Dissecting the 'Operation Dildos' amateur botnet

A security analyst has stumbled across an amateur botnet, and while taking it apart has discovered the command and control server it connects to, the number of other drones in the network, and a reference to dildos.

Security analyst Joe Giron has stumbled across a botnet that despite having the hallmarks of an amateur in action, still managed to more than double in size overnight.

Writing up his discovery on his blog, Giron said he found a number of machines at his work attacking other hosts.

"We isolated the exe responsible, because it was eating up 100 percent CPU (not exactly subtle)," he wrote.

Despite being easily detected in a "common sense" scan, VirusTotal reported that 34 of 46 virus scanners pick up on the malware.

Individual drones connect to an internet relay chat (IRC) server to accept commands from its author, effectively its command and control hub. Dissecting the executable in a disassembler, Giron was able to retrieve the IP address of the hub, the channel that drones are connecting to, and the passwords needed to issue commands to the drones. No attempt was made to hide the information, he noted, and some of the information does reveal a little about the author.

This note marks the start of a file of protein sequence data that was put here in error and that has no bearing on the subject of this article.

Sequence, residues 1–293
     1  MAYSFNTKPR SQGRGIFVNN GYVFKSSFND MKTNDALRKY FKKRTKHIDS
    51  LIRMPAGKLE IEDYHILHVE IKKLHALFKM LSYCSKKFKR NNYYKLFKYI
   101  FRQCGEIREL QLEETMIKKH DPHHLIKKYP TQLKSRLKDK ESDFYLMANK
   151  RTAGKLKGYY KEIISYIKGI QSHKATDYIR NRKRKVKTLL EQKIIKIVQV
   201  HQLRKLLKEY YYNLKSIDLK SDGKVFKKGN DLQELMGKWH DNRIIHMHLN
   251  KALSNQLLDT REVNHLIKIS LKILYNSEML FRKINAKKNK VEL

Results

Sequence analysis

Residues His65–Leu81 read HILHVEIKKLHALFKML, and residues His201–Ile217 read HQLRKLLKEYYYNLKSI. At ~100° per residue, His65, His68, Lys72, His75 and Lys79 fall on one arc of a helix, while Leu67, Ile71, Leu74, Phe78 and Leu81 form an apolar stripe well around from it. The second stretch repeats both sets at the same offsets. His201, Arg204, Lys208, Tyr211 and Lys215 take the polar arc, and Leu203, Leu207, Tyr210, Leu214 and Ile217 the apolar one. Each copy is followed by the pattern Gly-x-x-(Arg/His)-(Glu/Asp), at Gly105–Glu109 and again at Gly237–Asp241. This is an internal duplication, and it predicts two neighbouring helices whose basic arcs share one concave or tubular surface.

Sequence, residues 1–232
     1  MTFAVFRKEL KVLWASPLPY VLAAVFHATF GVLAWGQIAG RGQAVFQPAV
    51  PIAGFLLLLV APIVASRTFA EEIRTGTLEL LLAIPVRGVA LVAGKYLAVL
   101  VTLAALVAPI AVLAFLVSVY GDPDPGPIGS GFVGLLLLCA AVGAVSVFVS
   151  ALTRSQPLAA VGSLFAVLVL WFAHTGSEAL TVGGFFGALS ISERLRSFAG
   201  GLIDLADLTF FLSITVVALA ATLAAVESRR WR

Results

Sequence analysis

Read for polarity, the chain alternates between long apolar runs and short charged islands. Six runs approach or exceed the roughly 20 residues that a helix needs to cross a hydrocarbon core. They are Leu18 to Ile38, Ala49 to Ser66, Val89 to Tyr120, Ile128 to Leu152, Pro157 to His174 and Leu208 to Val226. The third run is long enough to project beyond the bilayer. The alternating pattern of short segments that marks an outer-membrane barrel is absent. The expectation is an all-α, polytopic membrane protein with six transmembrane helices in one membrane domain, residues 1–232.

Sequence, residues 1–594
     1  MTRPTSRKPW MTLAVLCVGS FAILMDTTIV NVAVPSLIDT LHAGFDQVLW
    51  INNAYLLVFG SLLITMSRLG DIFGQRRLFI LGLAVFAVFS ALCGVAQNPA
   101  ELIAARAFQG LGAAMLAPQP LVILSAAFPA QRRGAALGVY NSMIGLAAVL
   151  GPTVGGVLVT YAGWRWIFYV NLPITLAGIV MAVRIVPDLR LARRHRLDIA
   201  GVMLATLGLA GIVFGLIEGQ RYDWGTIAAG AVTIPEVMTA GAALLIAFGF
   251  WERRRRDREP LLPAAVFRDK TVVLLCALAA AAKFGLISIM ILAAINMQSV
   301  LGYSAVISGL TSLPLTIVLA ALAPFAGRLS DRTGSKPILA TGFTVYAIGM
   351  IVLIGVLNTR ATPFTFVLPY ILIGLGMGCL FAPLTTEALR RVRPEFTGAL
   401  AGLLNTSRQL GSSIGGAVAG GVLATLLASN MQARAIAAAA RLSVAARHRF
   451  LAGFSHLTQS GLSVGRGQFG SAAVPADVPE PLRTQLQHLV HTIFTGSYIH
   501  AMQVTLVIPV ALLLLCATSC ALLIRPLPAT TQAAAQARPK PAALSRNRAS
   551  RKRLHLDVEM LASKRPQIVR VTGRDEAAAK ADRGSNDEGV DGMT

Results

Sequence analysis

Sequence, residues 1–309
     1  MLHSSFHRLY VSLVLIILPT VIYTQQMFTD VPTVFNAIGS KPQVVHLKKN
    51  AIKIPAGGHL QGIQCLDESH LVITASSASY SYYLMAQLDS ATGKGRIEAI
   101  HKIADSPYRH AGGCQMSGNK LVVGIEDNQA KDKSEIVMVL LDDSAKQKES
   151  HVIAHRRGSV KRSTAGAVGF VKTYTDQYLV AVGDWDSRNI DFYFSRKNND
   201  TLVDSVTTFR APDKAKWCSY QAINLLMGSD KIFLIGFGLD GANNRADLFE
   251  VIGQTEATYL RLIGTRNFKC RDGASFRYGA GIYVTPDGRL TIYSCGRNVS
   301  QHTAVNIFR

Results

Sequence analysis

"The 'Operation Dildos' name deduces that our malware writers are either 14 or immature. I still chuckled, though."

Commands that an attacker can issue include what appear to be SYN and UDP floods, designed to overwhelm the victim and force them offline.

Giron attempted to log on to the command and control server last night, and at the time found that it had amassed 400 drones. However, when he logged on today, there were 1,131 drones.

The server still appears to be operational at the time of writing, with the drone count at 1,189 with ZDNet's last check.

The server also makes reference to magnesium.ddos.cat as its hostname, although no public DNS records currently exist. A leaked pastebin document from May last year does tie together the IP address and the "magnesium" server.

The document, in which an unknown user lists active internet connections, hints at what other services it may be running. These include an SSH server and a media streaming service.

The main ddos.cat website appears to have been defaced.

Giron's reverse engineering of the botnet has made all of the information available to anyone to take over the botnet.

"You have the password to issue commands, you have the IRC server address, you have the channel where the bots reside," he noted, without giving away the port that the server is running on. ZDNet has chosen not to publish that information, but it is easily determined.

Giron has also made the executable available for download for anyone else who wishes to dissect it themselves.